Description of how the theory explains the delinquent’s acts

Since the related theory states that a person is likely to engage in crime when one e has learned more attitudes that are favorable to violation of the law, than attitudes that are unfavorable to it, it could be argued that Harris and Klebold may have used more of their time feeding their subconscious minds that in defeating their enemies by the number of killings, this satisfies their self-esteem since they are given equivalent scores in the games that could have them to feel great about themselves.

By exposing themselves to computer games where there are war violent characters with whom they can associate and identify, they entered into a world where killing has given them a place or has put them in a world where a reward is more easily forthcoming which is rather casual. Gaining reward therefore while killing their enemies has become a big reality in their minds. No wonder they have a strategy to implement their objective as may be seen in the computers.

This explanation finds a very logical relationship too with how Block explained their immersion in games like Doom by Klebold and Harris that has become more gratifying for the two than the pleasure of acquiring knowledge in the books or in a conventional way.

As to whether there is a social interaction that has occurred as a basis of the criminal behavior learned as other social behavior, this researcher believes there is since the computer games involve a transaction with the characters that even extend to identifying oneself to one of them. As to the possibility whether the two has made contacts early in life that are intimate, frequent, and lasting as to cause more impact, this researcher believes that the almost daily playing of the computer has replaced their normal way of thinking or that they just found some refuge in playing the games that left a mark in their personalities.

Description of the appropriate institutional response

The institutional response for juvenile delinquents under the casual theory would not be to punish them unless the minor could not be controlled physically in which case imprisonment would be the most appropriate thing to do at least while being corrected or rehabilitated.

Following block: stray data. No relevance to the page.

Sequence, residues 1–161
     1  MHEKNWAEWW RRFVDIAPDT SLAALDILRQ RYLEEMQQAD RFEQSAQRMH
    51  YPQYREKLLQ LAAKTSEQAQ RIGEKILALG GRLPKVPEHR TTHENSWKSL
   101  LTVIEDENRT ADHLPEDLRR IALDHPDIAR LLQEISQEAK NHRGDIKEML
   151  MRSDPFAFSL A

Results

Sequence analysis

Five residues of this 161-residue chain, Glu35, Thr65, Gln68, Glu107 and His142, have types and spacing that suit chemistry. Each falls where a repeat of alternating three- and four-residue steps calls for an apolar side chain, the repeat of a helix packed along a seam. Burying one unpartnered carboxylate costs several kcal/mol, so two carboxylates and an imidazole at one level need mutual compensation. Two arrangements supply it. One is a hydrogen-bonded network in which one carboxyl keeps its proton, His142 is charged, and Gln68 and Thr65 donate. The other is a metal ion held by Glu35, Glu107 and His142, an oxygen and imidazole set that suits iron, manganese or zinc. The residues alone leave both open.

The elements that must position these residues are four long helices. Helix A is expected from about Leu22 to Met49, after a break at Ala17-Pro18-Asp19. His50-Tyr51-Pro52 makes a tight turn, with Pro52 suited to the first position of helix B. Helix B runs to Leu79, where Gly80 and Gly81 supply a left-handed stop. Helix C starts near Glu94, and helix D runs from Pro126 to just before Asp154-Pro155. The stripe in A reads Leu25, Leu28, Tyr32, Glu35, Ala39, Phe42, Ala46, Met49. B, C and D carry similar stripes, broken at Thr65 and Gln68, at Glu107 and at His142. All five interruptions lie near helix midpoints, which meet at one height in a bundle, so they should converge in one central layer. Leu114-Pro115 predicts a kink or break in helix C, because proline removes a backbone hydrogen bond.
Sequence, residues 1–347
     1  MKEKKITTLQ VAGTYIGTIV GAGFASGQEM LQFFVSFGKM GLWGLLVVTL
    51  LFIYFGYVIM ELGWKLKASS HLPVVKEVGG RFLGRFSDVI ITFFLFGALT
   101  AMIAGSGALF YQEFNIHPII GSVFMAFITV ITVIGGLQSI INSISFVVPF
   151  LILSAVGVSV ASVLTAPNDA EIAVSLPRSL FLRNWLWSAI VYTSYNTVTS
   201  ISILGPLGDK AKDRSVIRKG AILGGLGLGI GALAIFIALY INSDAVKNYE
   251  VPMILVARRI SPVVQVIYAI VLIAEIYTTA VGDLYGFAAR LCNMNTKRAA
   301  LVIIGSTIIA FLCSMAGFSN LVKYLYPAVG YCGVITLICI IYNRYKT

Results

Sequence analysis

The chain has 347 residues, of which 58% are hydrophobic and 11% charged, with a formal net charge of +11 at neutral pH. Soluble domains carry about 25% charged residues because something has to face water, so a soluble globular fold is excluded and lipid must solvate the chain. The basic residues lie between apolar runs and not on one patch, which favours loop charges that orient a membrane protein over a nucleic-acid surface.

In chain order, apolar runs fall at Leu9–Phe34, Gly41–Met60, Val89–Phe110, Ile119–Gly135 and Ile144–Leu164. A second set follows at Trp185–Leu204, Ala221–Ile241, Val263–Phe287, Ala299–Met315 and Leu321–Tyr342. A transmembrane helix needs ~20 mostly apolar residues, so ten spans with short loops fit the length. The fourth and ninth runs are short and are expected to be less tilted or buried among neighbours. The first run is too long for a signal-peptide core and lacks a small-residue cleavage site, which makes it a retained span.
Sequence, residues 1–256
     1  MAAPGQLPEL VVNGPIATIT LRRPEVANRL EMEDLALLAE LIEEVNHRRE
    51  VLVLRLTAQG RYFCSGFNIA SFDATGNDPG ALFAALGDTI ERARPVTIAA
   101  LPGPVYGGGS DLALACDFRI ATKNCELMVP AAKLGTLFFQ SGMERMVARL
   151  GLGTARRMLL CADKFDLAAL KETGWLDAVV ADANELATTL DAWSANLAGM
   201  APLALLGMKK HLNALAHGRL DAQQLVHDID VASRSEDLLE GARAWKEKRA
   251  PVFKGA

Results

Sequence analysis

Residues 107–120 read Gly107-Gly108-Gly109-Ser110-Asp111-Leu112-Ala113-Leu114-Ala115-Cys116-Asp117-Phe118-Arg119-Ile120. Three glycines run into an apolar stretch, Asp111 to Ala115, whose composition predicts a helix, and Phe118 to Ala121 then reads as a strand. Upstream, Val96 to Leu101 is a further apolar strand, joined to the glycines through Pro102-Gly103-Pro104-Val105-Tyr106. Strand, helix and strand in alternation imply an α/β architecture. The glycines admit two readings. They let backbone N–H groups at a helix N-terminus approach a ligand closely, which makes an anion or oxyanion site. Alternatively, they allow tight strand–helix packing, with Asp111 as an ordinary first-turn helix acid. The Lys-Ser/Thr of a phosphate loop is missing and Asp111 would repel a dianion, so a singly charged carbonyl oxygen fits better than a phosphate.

As stated earlier, before the killing spree the two were already caught on January 30, 1998, with stolen tools that had been stolen from a parked van,2 where they sentenced by the judge sentenced them to juvenile diversion, after trial. What can be considered as an actual institutional response was the requirement for the two to attend various classes together, including a class on anger management? Harris was also reported to have attended therapy sessions with a psychologist and continued to do so for about a year.

As part of the diversion sentence, both adolescents were required to attend classes and to meet with parole officers. Having expected to learn from their mistakes the authorities eventually released from diversion even weeks earlier than expected due to their good behavior.1 What was surprising was when Harris wrote a rather fawning letter to the owner of a stolen tool, because aside from apologies, there was also empathy by him.5 Doing such a thing could have alerted the authorities to the inapplicability of the response. Hence it was not surprising to note that even during that time he has bragged in his journal entries about the fake regret, and this has even resulted in applause upon himself.6 True to these preliminary signs, Harris was still under his psychologist’s care when the planned attack with Klebold was executed.

Conclusion

What could be found in the case of Harris and Klebold even after they were sentenced to juvenile diversion was to go with their planned killings of students and other people. It would seem that the treatment administered and mandatory classes and visits to parole officers, which are part of institutional response to the problem, were not effective. To say that the institutional response was inadequate is to blame the institutions while to say that is adequate or appropriate is to overlook the killing spree which is of course horrible. To balance things, it is perhaps best to say that determined criminal is almost inevitable unless better research could help decision-makers to update the present laws or rule on juvenile delinquency. There is, therefore, a need to update the present level of research to possibly update the ways to address this kind of problem.

Reference

  1. “Columbine”. The Final Report. No. 9, season 1.
  2. Release of juvenile records The Reporters Committee for Freedom of the Press, 2002.
  3. Akers 1994, Siegel 1992.
  4. Jerald Block. Lessons From Columbine: Virtual and Real Rage, American Journal of Forensic Psychiatry. 2007.
  5. The Depressive and the Psychopath. Web.
  6. Dylan’s Journal Entries. Web.